The most epic science fiction fantasy is coming true. For the first time ever a human-built vehicle is leaving the entire solar system behind. This is huge. The daily news cycle has barely mentioned it in passing. Most people on this lovely blue-green planet have no idea what our species has accomplished.
Six months ago experts predicted say it could happen any time. Now it has. Voyager 1 has flown beyond the heliosphere, the bubble-like region dominated by the Sun and its solar wind. We’re going where we’ve never been before. I’m talking interstellar. That’s defined as “the space between stars.” The whole futuristic thing? It’s here.
Thirty-five years ago NASA launched probes designed to explore our solar system. Perhaps to confuse historians, Voyager 2 blasted off first on August 20, 1977. Voyager 1 followed on September 7.
We’re making science history with 1977 technology too. That year our species toddled toward greater innovations. For the first time optical fiber was used to carry telephone traffic. New technology debuted, such as Commodore PET, Tandy TRS-80, and Apple II series computers. The Atari 2600 was released. And (coincidence?) Star Wars opened.
Voyager spacecraft are powered by computers with 80 kilobytes of memory, using software without data storage capability. (They rely on relics known as tape recorders.) Despite weak signal power, information is sent from both Voyagers daily. So far that totals five trillion bits of scientific data.
Over time some of the instruments have been turned off to save energy but not before both Voyagers sent back remarkable, never-before-seen images of our solar system. Thanks to Voyager drive-bys we more fully understand the far-off worlds of Jupiter, Saturn, Uranus, and Neptune. Science is still mulling over the data.
Then in 1990, as Voyager 1 moved ever farther from us, Ground Control directed the craft to turn around so its cameras could photograph the planets. From that vast distance, Earth appeared only as a point of light in the darkness. The image was titled “pale blue dot.” It inspired Carl Sagan to give a lecture and later to write a book titled Pale Blue Dot: A Vision of the Human Future in Space. In it he wrote,
It has been said that astronomy is a humbling and character-building experience. There is perhaps no better demonstration of the folly of human conceits than this distant image of our tiny world. To me, it underscores our responsibility to deal more kindly with one another and to preserve and cherish the pale blue dot, the only home we’ve ever known.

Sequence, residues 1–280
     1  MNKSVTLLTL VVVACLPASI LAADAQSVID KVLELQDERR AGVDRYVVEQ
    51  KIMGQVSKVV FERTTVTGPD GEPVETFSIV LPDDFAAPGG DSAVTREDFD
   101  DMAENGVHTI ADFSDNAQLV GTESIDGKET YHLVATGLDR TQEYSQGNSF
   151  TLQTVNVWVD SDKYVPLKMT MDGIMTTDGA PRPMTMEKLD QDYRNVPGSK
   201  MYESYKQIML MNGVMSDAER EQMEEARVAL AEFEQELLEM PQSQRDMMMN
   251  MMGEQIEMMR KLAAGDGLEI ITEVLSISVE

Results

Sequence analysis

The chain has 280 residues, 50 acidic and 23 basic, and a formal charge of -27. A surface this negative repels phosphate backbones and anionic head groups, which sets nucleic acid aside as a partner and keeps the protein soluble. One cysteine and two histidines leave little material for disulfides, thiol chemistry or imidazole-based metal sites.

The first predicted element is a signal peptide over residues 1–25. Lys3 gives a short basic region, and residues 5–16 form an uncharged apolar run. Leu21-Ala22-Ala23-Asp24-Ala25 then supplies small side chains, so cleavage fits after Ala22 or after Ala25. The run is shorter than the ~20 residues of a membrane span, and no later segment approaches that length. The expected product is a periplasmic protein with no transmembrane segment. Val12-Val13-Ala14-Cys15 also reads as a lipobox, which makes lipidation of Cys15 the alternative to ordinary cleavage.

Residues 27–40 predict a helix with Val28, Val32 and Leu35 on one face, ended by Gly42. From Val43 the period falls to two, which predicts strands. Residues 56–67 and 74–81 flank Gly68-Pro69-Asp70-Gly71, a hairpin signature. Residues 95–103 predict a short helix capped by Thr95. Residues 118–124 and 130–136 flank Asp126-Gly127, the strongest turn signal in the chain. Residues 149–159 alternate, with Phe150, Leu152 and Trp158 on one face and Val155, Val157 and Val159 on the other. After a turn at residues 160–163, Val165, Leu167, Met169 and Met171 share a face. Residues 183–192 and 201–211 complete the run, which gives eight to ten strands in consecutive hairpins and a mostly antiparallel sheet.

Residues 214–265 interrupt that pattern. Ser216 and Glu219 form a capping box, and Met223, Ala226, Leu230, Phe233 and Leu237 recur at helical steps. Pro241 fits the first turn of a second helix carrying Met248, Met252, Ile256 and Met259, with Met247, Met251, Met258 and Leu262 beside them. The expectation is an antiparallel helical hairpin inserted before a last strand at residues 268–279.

The Voyager crafts weren’t actually intended to do more than a planet hop for five years. But as we’ve seen, those unsung NASA types take their jobs seriously. They designed the probes to do a lot with a little. The program weathered funding cuts, even a Bush-era threat to end the entire program, and as money trickled in NASA reprogrammed the spacecraft to keep going.
The total cost of the Voyager missions from planning in 1972 to today (including launch vehicles, power source, and tracking support) comes to $865 million. This equals about eight cents per U.S. citizen per year. To put it another way, we’re cracking interstellar space for a fraction of the $6 billion the 2012 U.S. political campaigns were estimated to cost.
The Voyager probes carry more than 70′s era equipment. Before the spacecraft were launched, Carl Sagan chaired a committee to determine what message we humans should send to beings who might eventually come across the Voyagers. That’s why each Voyager carries sounds and images from earth on gold-plated copper disks, electroplated with uranium-238. They’re called Golden Records. They include diagrams of DNA, maps of the Earth, greetings in 55 languages, sounds like a chimpanzee’s call, images of people engaged in daily activities, and music such as blues by Blind Willie Johnson and a concerto by Bach. One of the messages is by President Jimmy Carter, which says in part,
“This is a present from a small, distant world, a token of our sounds, our science, our images, our music, our thoughts and our feelings. We are attempting to survive our time so we may live into yours. We hope someday, having solved the problems we face, to join a community of galactic civilizations. This record represents our hope and our determination, and our good will in a vast and awesome universe.”
Here’s to Voyager 1. Eleven billion miles from the Sun and now beyond our heliosphere carrying determination and goodwill.
Here’s to humankind, achieving wonders even if we too rarely pause to notice. Let’s have another beautiful shift in consciousness, as we did when the luminous image of Earth seen from space was photographed in 1972 awakened us to a worldwide ecological movement. It’s time to shift again. We are co-participants in a much larger and more amazing story.